MILTON, Ga. — For the second straight year, the Milton City Council has adopted a resolution opposing a state bill that would take away the city’s ability to regulate residential development standards.
House Bill 302 could go before the Legislature this year, and if passed, counties and cities would no longer have the capacity to regulate building design for one- or two-family residences. Milton adopted a resolution opposing the bill when it was introduced last year.
Neither chamber passed the bill last year, but Patrick Jaugstetter with the city attorney’s office Jarrard & Davis said the measure has regained momentum.
“I can tell you, with our contacts at the Capitol, the real estate development community is pushing very hard to put this back in front of the House and Senate and seek approval again,” Jaugstetter said.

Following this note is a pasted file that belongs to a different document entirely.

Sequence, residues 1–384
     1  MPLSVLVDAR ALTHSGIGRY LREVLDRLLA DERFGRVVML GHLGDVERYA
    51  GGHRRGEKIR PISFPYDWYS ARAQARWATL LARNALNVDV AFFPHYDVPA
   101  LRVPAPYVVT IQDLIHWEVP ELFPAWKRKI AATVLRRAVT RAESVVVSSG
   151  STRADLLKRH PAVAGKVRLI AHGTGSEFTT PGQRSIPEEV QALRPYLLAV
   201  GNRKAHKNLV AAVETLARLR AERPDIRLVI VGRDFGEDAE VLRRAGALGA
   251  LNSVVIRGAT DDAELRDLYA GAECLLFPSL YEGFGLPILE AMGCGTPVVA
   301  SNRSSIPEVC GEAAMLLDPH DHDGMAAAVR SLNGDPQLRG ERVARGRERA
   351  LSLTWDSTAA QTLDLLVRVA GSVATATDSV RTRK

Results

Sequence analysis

The regulations can present constitutional challenges, and the move to nullify local residential building standards is unparalleled, Jaugstetter said.
“It would prohibit you from things like exterior building design standards, roof pitch standards, all of the things you are probably typically doing in most of your residential rezonings to ensure the quality of construction,” he said. “It is an unprecedented effort on behalf of the state to strip local governments of their traditional zoning powers. Essentially, the state grants you zoning powers, and this would be an effort to preempt you from imposing those conditions. And these conditions are probably the ones most important to you and your constituents when rezonings are brought before you.”
Several North Fulton cities, including Alpharetta, Johns Creek and Roswell, have joined Milton both years in opposing the bill, and more will likely join the fray during the 2020 legislative session.
Milton City Councilman Rick Mohrig said he strongly opposes the bill, and Councilwoman Carol Cookerly suggested the council also reach out to the city’s state representatives to voice their opposition.
Councilwoman Laura Bentley said if the bill were passed, it would practically negate the roles of the city’s Design Review Board and the city architect.